Tackling the root of alcohol and drug problems

Running projects that focus on why people misuse alcohol and drugs, like dysfunctional family relationships, can be more effective than concentrating on the actual alcohol and drug use.

What influences alcohol and other drug problems?

There are a number of personal, social and environmental factors that can influence the extent to which someone uses alcohol and other drugs (AOD). Some of these factors are constant over a lifetime, such as:

  • Quality of relationships
  • Employment
  • Mental health
  • Cultural attitudes to AOD use
  • Availability of AOD

Some factors are more important at specific stages of life. For example, particular factors for adolescents include:

  • Attitudes to and completion of schooling
  • Positive social group and interests
  • Peer attitudes to AOD
  • Family relationships
  • Access to positive adult role models

In general, having a purpose in life, having positive relationships, living in a supportive community and maintaining sound mental health do much to lessen the risk of AOD problems.¹ Valuable community prevention activities can seek to improve these protective factors and therefore protect or lessen the chance that people will be drawn to misuse AOD.

Project ideas for tackling the cause of the problem

Examples of strategies that could enhance protective factors include:

  • Improving facilities for young people within the community, for example skate parks, BMX tracks, graffiti walls and access to a range of sports.
  • Offering youth activities such as holiday programs that provide mentoring and support from caring, responsible adults.
  • Helping schools to set up peer-support programs and other activities to make sure all students feel welcome at school.
  • Assisting newcomers to a town or suburb so they feel part of the community.
  • Providing information stalls in shopping centres to inform people of health problems and how they can take action to reduce risks to their health.
  • Using local media to promote healthy activities and services, so they can benefit more people.
  • Bringing counselling services to the local area or promoting telephone helplines.
  • Organising drop-in child care facilities and activities for parents to bond with their young children.
  • Encouraging employment in the local area such as through small businesses.
  • Promoting job seeker support services.

Project ideas that focus on alcohol and drug use

There is still a role for strategies that concentrate on addressing the AOD use itself. These strategies are likely to be more effective if they are based on what works according to the latest research. For example:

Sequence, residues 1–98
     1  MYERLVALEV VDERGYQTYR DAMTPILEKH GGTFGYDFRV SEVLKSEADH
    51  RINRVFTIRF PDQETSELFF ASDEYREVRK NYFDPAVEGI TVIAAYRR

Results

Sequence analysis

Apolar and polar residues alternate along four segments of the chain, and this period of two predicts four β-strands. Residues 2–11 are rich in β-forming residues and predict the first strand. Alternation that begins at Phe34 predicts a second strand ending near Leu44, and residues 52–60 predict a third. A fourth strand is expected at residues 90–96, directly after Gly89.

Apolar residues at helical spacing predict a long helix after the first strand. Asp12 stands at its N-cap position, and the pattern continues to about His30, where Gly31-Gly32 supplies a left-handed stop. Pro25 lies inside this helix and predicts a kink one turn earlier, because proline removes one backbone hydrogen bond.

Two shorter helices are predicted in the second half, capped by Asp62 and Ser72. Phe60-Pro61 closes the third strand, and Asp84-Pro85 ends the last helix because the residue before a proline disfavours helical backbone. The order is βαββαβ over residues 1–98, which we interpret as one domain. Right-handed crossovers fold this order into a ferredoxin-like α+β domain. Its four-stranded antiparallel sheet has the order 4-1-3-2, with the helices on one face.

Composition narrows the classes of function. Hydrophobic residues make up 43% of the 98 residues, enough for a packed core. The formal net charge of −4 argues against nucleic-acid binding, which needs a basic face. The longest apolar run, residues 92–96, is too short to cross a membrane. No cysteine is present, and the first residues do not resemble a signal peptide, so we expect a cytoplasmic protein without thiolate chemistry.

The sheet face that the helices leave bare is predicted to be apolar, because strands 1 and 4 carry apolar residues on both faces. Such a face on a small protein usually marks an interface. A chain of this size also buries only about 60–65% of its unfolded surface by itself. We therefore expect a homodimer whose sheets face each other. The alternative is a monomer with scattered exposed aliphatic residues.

• Introducing programs in community settings such as sporting clubs that provide appropriate controls over the use of AOD, for example the Good Sports.
  • Raising awareness amongst influential groups such as parents about the role that they can play in preventing AOD harms, and equipping them with the right tools, for example through The Other Talk.
  • Advocating for measures that are known to reduce AOD problems, through lobbying for change through the media.

Case study: Winchelsea skate park youth engagement strategy

The issue

Surf Coast Shire Council in Victoria identified a need to provide outreach activities to ensure young people from across the shire can effectively access youth services.

The solution

The BBQ and Beats program was developed, which is based on an outreach model. Local government staff and a drug and alcohol outreach worker from Barwon Youth visit the 10 skate parks across the shire. They take a BBQ and music and effectively set up a pop up drop-in centre. They try to be set up when the school bus arrives and stay for a couple of hours. The program runs on Wednesday nights; the team might get to two towns in the one night.

This is an especially important initiative for young people in some of the lower socio-economic status towns and areas who experience difficulty accessing health services. It provides support for young people by going to where they hang out.

The impact

Last year over 250 young people engaged through this program, which the organisers have seen as a great response.


1. Loxley, W., Toumbourou, J.W., Stockwell, T., Haines, B., Scott, K., Godfrey, C. et al. (2004). The prevention of substance use, risk and harm in Australia: a review of the evidence. Canberra: Australian Government Department of Health and Ageing.